The generation known as Millennials, generally agreed to be those born between 1981 and the late ‘90s, are the largest generation in the US workforce and by 2020 will make up 35% of the global workforce. With Generation Z, or the post-Millennials joining that workforce right now, in two years’ time, we’re looking at over half of the planet’s workers being under 40. If the average age of first-time managers is 30 and the average age of people in leadership training is 42, according to Harvard Business Review, the older Millennials, at 37, are at their peak and set to take over.
With an average of a decade of experience already, and with the Baby Boomer generation retiring fast, the Millennials are ready for more senior roles and have a number of traits enabling them to jump ahead of the older Gen X employees into those senior roles. The world of work has had to drastically change to incorporate millennial thinking already, so it’s a natural progression that in many sectors they will be best placed to lead.
Many characteristics of Millennials that were originally perceived as negatives forced changes in both the attitudes of employers and the workplace itself. Millennials were raised with an innate self-confidence, schooled to believe they could be whoever they wanted to be and go wherever they wanted to go. They want life experiences and multiple options. Average job tenure for millennial employees is two years, compared to five for Generation X and seven for the outgoing Baby Boomers. Their commitment and loyalty is to themselves, to their own career and their lifestyle outside of work, rather than their current employer: and they won’t stay if there’s no perceived gain for them. This attitude was originally seen as selfish, but over time has seen huge changes for everyone in terms of work/life balance and how we view our careers and lives.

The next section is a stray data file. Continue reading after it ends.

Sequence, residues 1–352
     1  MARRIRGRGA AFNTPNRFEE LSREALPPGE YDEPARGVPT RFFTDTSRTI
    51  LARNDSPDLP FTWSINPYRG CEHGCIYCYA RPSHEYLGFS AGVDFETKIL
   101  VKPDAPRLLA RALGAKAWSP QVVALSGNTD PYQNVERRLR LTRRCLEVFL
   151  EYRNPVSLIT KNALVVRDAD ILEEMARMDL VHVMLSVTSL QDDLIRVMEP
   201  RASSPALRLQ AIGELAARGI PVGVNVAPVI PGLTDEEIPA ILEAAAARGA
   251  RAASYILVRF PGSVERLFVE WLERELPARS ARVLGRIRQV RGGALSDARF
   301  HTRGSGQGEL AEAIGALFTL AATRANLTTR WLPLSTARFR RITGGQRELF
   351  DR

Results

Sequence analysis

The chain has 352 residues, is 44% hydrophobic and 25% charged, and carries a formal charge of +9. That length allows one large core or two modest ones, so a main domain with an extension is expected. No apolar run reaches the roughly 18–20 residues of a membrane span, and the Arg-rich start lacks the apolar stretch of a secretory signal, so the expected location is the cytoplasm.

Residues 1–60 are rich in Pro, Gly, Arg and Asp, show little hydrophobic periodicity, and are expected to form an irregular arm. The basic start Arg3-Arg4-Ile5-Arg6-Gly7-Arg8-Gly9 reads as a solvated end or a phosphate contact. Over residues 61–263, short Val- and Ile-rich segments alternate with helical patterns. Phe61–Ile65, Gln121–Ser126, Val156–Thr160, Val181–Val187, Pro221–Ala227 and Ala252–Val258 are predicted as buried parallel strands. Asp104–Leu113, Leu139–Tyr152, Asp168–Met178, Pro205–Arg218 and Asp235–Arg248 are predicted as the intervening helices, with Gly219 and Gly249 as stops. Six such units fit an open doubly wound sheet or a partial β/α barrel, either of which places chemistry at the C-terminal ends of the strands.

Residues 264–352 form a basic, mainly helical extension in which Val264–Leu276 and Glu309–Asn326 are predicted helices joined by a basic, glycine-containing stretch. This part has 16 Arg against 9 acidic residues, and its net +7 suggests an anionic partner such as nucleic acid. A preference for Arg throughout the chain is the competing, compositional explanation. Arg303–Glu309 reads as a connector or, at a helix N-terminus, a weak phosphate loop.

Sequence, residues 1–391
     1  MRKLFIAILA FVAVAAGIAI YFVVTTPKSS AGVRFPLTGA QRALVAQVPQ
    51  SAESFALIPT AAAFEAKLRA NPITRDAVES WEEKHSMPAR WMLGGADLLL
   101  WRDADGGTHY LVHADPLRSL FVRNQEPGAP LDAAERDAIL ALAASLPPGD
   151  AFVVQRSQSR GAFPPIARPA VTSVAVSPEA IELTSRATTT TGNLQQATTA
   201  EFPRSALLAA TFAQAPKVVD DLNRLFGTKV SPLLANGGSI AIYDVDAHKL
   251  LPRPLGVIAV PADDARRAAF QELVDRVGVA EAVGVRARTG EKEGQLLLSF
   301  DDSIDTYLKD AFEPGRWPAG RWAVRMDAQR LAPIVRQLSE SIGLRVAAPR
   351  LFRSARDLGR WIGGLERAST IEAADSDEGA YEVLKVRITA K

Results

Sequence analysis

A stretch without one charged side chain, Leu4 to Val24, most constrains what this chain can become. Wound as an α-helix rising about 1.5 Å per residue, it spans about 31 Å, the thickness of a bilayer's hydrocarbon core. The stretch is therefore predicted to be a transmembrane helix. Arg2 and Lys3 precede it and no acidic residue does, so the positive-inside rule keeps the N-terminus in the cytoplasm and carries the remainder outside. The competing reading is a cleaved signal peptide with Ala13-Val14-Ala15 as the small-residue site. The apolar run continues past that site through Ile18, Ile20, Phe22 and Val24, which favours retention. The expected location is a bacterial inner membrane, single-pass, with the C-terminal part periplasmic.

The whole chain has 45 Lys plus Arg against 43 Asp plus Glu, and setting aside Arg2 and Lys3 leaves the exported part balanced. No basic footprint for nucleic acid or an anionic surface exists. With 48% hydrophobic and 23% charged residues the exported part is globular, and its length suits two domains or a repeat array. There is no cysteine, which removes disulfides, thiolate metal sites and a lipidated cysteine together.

Similarly, growing up attached to a mobile phone and with no memory of life without the internet was once mocked, but now presents us with a generation of technology-literate communicators. Tech has moved at such speed in the last decade, that Millennials have hugely valued skill sets that employers need. Another trait was their perceived need for instant gratification or a lack of patience – but again, rather than change them, the world changed for the better to accommodate it. Speed is now vital and customer experience is high on the agenda. Millennials’ beliefs and attitudes have also had a similar positive knock-on effect on flexibility in the workplace, training opportunities and the nature of feedback and mentoring.
The impact of Millennials in the workplace has been enormous and the changes they have influenced are set to become the norm as they become business leaders across the world. However, as they approach 40 themselves, there will be millions of Generation Z employees with their own ideas hot on their heels…